To better understand how climate impacts to corn are evolving over time, the researchers call for increased access to field-level yield data that are measured independently of weather data, such as government insurance data that were previously available to the public but no longer are.
“This study shows the power of satellite data, and if needed we can try to track things from space alone. That’s exciting,” Lobell said. “But knowing if farmers are adapting well to climate stress, and which practices are most helpful, are key questions for our nation. In today’s world there’s really no good reason that researchers shouldn’t have access to all the best available data to answer these questions.”
Inspectors in Colorado this season intercepted a record number of watercraft showing signs of invasive mussel infestations as reservoirs across the state saw surging numbers of boaters.
Ruedi Reservoir, near Basalt, recorded the state’s highest number of intercepted boats carrying mussels. Officials said that is probably due to the reservoir’s relative proximity to Utah’s Lake Powell, which has been dealing with a mussel infestation for years.
As public health experts have urged people to maintain their distance and avoid enclosed spaces during the COVID-19 pandemic, one logical response for many Coloradans has been to take to the water. Boating, kayaking and paddleboarding have exploded in popularity this year, according to reservoir managers across the state. Riding the wave of that trend are invasive mussels, attaching themselves to watercraft.
“With more opportunities … for a boat to be transporting something into our waters, there is, of course, a little bit more risk,” said Robert Walters, an invasive-species specialist with Colorado Parks and Wildlife.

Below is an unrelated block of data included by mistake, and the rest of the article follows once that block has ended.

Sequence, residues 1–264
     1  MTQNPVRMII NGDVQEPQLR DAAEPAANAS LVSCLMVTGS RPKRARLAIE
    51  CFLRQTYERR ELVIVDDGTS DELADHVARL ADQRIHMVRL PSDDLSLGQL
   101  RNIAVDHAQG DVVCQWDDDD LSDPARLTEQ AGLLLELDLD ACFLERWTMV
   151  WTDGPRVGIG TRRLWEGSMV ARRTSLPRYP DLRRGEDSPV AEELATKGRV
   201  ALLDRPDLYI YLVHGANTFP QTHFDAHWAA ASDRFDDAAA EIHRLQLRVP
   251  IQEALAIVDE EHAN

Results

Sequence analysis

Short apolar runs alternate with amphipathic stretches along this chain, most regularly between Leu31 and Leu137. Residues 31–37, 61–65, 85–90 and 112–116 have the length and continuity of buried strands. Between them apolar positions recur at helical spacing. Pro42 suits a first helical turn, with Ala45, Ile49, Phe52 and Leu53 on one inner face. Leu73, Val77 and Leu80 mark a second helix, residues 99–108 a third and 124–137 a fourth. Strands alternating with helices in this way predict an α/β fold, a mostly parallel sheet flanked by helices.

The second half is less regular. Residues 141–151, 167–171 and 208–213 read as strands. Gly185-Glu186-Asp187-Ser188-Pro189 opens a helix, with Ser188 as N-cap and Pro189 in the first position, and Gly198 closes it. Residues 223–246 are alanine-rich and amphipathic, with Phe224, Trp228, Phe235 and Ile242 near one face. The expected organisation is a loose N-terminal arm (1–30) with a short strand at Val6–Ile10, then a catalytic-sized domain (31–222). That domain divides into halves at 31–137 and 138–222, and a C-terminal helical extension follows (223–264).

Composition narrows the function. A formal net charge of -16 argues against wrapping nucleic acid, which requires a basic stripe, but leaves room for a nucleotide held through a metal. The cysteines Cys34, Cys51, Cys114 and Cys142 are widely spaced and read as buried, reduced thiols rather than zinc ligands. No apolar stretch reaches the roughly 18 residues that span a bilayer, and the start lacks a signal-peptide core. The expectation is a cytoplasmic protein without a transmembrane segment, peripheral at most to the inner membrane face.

By mid-September in Colorado, where the boating season officially will close in November, the state had already recorded more than 600,000 boat inspections. In an average year, it conducts about 475,000. At least 94 boats were intercepted with confirmed adult mussels, the highest number recorded in the state since it began boat inspections in 2008.
Native to Eastern Europe, zebra and quagga mussels have infested waters around the world. The creatures, each wrapped in a hard, sharp shell, cling to surfaces in fresh water and quickly breed. Mussels can devastate aquatic ecosystems and damage infrastructure such as pipes and hydroelectric equipment. The larvae of these aquatic nuisance species — as they are designated by the state — have been detected in several Colorado reservoirs over the years, but adult mussels have never emerged.
Mussels pose a particularly high threat in Colorado because of the state’s position upstream of other watersheds. Scientists suspect that zebra and quagga mussels would have difficulty establishing in a high-elevation river, but it’s still possible that they could be distributed downstream.
“We are at the top of the watershed,” Walters said. “So if something were to happen in one of our headwaters or really anywhere in the state of Colorado, it would have significant potential to impact those downstream of us.”
Keeping up with the crowds